The first attempts to analyze and explain the actions of economic agents from the psychological perspective were made in the 18th century. Since then, this field of study has advanced substantially. The ideas on behavioral economics can be found in the works of the representatives of the different schools. Many of them are devoted to the specific field of study, Behavioral Finance.
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Economics is the sphere of study, which is mostly based on the model ignoring the psychological aspects of the economic agents’ behavior. In contrast, Behavioral Economics recognizes the importance of cognitive biases in the context of economic decision-making (Thaler & Mullainathan n.pag.).
“As long ago as 1841, Charles Mackay in his influential book Memoirs of Extraordinary Popular Delusions described the famous tulipmania in Holland in the 1630s, a speculative bubble in tulip flower bulbs” (Shiller 91-92). At that time, the market fell drastically and never rose again to the previous levels after the bubble burst.
Behavioral Finance is the major field of Behavioral Economics focus. The scholars specializing in this field try to explain the dynamics of the financial markets from the standpoint of the investors’ moods and perceptions, and their influence on the overall market trend. The specialists in the Behavioral Finance claim that the investors dislike losses more than they like the returns. That is, their risk aversion is asymmetrical.
This idea makes the Behavioral Finance theory substantially different from the postulates of the traditional economic theory. Also, the new theory is closely related to the Efficient Markets Hypothesis proposed by Eugene Fama. “The EMH does not assume that all investors are rational, but it does assume that markets are rational” (Ritter n.pag.).
The irrationality of the investors’ decisions is one of the main postulates of Behavioral Finance. In contrast to the efficient market theory, it claims that the marker inefficiencies exist due to the irrational behavior of the investors, and, thus, the abnormal economic profits can be earned.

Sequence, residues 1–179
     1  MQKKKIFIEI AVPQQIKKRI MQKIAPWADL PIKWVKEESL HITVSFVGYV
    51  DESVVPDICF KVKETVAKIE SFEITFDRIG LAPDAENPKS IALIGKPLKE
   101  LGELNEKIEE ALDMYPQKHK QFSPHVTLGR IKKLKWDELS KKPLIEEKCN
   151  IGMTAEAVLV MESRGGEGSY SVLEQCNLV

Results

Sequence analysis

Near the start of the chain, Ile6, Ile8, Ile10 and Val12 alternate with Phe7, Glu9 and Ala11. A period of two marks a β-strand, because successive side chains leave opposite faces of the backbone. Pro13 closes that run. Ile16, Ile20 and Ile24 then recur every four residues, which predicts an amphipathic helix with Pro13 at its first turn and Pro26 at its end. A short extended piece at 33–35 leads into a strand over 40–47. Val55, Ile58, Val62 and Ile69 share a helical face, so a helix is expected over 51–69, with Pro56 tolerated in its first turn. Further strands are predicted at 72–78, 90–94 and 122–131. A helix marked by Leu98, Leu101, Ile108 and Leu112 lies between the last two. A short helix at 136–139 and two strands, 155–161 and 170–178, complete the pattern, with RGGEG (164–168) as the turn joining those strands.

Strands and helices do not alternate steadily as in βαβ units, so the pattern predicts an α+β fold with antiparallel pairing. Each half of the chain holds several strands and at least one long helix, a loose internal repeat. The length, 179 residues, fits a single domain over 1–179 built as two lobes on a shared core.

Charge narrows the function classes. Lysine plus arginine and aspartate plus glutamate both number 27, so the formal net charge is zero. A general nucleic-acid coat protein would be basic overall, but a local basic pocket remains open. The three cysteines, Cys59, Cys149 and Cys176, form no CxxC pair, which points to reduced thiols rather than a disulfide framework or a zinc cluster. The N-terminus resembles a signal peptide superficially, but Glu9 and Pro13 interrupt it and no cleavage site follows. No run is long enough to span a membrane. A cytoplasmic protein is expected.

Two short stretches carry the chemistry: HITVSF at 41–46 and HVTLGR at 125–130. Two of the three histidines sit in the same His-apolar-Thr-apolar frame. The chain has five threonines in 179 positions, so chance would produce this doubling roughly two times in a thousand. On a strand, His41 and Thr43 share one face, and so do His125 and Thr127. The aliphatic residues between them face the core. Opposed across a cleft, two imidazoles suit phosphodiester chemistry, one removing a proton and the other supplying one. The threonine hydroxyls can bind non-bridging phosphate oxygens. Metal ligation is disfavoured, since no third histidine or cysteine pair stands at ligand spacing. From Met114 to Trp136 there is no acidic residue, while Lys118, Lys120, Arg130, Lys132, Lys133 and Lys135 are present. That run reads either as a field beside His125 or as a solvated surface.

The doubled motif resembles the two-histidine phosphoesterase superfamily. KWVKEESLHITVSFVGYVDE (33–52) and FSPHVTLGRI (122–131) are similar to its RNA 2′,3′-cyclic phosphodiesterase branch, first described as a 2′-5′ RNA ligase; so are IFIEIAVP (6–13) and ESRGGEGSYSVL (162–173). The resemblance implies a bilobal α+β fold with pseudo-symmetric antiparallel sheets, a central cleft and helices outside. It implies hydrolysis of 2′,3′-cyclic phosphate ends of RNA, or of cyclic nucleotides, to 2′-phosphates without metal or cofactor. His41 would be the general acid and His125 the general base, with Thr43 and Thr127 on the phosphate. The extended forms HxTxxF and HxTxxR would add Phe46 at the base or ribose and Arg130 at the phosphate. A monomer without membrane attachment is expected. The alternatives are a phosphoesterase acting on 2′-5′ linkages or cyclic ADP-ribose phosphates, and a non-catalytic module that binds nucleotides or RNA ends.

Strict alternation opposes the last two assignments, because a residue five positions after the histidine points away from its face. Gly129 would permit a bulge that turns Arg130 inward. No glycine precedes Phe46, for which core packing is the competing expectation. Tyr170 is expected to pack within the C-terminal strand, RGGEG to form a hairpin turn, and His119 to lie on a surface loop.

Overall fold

In summary, Behavioral Finance is the modern branch of the economic theory, which explains the market situation based on the investors’ behavior. I think that the postulates of the theory are supported by an adequate scientific background. In my opinion, it is valid for economic decision making. At the same time, it should be used together with other investment analysis applications to have a broader vision of the examined market trends.
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Daniel Kahneman was the Noble Prize winner in Economics in 2002 (“Speakers Daniel Kahneman” n.pag.). He was awarded the Prize for the achievements in the field of Behavioral Economics.
The works of Kahneman are devoted to the problems of the economic agents’ behavior with the particular focus on their cognitive biases leading to irrational decisions. Kahneman was awarded the Prize together with his co-author Twerski, who died before their work won the Prize (“Speakers Daniel Kahneman” n.pag.).
The authors studied the problem of the economic agents’ behavior in the context of their attitude to risk. The scholars made a significant contribution to the explanation of the people’s behavior under the conditions of uncertainty.
They argued that the economic agents were driven by their cognitive biases in the process of making economic decisions. Therefore, their judgments, which were subjective, contributed to the irrationality of the markets.
Ritter, Jay R. “Behavioral Finance.” Pacific-Basin Finance Journal 11.4 (2003): 429-437. Print.
Shiller, Robert J. “From Efficient Market Theory to Behavioral Finance.” Journal of Economic Perspectives 17.1 (2003): 83-104. Print.
“Speakers Daniel Kahneman: Behavioral Economic Founder”. Ted.com. March 2010. Web. 28 Nov. 2013.
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Thaler, Richard H. and Sendhil Mullainathan. “How Behavioral Finance Differs from Traditional Economics.” Econlib.org. 2008. Web. 28 Nov. 2013.